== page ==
It’s true though—some of the dashboards that we can produce with digital marketing data are honestly pretty legit. Want to know what paid search terms are resulting in closed business? We can chart that. Want to know how leads are progressing through the funnel? Sure, just click on this handy little card in Domo (our digital marketing reporting platform of choice) and you can drill down and slice and dice the data as needed. There are literally full suites of reports and dashboards at your fingertips—like this handy little paid search dashboard we use for some of our digital clients.
Those clients aren’t the only ones that get in on the dashboard and reporting fun though. We have a separate suite of reporting tools for our PR and Social clients, like this fancy Google Data Studio dashboard that makes it easy to see what’s going on at a glance. Different data source, different visualization method, same kind of awesomeness.
I mean, those charts look pretty cool right? We use them to present data in a way that’s easy to understand and supports actionable recommendations as to where to take your marketing program next. Is something going up and to the right? Great, let’s do more of that.
But what if I told you the data wasn’t real? What if I told you we had to fudge the numbers a bit, or some of the data was missing, or this was actually another client’s data? The charts are still going to look cool…but does any of it really matter if the data isn’t accurate?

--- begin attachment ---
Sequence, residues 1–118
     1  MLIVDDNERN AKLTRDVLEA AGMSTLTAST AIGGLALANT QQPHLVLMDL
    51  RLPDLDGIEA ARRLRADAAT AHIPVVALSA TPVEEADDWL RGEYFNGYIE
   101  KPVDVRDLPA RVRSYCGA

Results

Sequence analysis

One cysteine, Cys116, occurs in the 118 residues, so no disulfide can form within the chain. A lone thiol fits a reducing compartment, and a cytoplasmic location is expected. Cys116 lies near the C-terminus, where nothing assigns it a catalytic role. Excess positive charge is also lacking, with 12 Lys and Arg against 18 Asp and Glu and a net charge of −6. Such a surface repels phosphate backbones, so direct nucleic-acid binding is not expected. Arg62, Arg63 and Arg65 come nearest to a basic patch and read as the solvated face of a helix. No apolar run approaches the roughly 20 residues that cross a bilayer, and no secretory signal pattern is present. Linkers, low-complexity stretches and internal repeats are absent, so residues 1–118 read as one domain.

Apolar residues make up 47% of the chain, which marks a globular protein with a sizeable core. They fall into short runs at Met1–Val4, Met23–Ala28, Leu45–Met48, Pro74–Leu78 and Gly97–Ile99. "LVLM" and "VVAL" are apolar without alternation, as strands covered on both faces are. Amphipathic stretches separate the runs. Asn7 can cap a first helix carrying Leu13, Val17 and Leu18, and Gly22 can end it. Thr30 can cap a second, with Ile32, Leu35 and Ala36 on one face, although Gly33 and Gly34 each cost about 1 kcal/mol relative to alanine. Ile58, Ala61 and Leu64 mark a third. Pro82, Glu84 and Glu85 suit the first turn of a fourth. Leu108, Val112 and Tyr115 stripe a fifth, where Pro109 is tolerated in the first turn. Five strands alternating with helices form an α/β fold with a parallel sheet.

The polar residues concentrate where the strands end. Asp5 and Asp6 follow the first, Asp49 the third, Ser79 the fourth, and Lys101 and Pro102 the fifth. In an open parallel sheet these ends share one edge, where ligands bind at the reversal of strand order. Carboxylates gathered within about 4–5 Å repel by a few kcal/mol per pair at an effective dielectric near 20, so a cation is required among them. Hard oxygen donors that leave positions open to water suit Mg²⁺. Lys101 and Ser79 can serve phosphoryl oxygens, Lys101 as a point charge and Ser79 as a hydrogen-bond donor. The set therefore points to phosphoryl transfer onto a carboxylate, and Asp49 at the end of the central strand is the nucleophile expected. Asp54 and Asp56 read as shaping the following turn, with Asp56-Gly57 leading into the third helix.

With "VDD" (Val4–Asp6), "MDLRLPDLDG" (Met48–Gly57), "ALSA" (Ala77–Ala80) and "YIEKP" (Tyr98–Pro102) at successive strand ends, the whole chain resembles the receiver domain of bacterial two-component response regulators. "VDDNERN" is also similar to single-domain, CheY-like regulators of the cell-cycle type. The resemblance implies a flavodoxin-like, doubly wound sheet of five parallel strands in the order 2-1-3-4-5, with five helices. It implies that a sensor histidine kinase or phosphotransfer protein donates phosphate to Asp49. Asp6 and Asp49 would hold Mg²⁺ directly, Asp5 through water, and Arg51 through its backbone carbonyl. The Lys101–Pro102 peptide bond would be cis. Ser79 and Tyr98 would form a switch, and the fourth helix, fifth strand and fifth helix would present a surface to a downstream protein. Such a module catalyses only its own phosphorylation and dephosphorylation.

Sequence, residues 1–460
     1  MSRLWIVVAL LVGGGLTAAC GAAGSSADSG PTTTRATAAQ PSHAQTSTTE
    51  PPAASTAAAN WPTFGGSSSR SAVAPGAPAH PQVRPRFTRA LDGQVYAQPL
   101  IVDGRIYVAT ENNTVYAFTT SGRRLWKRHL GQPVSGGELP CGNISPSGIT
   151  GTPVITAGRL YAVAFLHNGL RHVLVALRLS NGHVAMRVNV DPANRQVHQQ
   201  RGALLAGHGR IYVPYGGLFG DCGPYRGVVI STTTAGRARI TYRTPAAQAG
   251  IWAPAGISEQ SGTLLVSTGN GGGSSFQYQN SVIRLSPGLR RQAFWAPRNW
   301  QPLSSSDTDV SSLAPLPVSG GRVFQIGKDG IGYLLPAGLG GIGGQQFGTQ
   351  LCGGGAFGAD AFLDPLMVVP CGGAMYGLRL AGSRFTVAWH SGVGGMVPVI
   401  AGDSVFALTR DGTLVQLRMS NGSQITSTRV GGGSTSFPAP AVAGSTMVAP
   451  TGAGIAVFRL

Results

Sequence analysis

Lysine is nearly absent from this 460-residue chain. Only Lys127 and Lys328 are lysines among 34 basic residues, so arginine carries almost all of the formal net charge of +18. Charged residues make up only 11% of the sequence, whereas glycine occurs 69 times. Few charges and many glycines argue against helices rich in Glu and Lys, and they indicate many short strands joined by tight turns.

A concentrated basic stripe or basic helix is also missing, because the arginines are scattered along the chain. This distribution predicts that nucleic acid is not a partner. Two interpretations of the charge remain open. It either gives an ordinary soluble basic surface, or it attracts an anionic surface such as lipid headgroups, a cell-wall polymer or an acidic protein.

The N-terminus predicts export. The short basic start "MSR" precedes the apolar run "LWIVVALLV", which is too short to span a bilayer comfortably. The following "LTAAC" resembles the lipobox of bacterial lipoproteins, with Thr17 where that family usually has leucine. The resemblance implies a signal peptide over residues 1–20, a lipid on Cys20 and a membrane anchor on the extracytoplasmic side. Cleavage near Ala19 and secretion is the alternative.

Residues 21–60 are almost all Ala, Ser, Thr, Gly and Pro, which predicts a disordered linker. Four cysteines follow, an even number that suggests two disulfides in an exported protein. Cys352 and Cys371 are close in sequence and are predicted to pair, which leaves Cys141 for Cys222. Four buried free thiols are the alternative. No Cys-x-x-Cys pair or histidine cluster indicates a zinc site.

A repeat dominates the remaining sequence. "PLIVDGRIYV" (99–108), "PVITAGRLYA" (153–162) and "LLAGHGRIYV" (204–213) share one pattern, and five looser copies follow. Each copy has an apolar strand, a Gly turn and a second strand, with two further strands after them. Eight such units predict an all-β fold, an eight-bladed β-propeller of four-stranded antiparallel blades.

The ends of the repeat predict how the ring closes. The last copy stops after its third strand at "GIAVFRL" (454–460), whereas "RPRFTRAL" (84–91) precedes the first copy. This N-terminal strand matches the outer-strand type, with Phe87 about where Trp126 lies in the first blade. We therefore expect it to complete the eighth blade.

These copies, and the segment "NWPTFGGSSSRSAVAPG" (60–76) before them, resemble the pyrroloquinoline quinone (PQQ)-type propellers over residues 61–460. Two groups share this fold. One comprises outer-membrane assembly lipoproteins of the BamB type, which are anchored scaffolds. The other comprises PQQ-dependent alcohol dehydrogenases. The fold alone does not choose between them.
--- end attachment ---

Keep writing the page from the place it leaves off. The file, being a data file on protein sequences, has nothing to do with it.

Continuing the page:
Which leads us to the whole point of this post—that data integrity is the secret ingredient to digital marketing reporting. Without data integrity, your reporting is simply directional; it might as well be you saying, “my gut tells me this is what happened.” It’s not factual. It’s not useless…but it’s not as useful as it could be if you had confidence in your data. Unless your idea of ‘reporting’ is just creating a bunch of random charts in PowerPoint. Then yes, it’s useless.
Data integrity issues can manifest themselves in a number of ways, but the most common place we see it is when we’re reporting out of a CRM such as Salesforce. We’ll come across situations like:
- UTMs not properly being passed through on form submissions
- Lead Sources not documenting actual sources of leads
- Industry data showing up inconsistently because they haven’t been standardized
We’ll go to do monthly reporting, only to realize that a developer miscoded how forms handle UTMs, or Sales reps weren’t trained on what an MQL is, or their Marketing Automation platform is accidentally writing Lead Source to the Industry field. It messes up the data and decreases the accuracy of reporting.
The biggest issue we see is around standardization, and this applies to all kinds of marketing efforts. Does everyone know how certain information is being defined? Is there a consistent way marketing campaigns are tracked across media platforms? Is everyone involved with marketing efforts aligned on how information is being used? This foundational work—this standardization of data—is one of the single most important aspects of being able to effectively measure whether your work is working. Yes, it’s something that is consistently overlooked.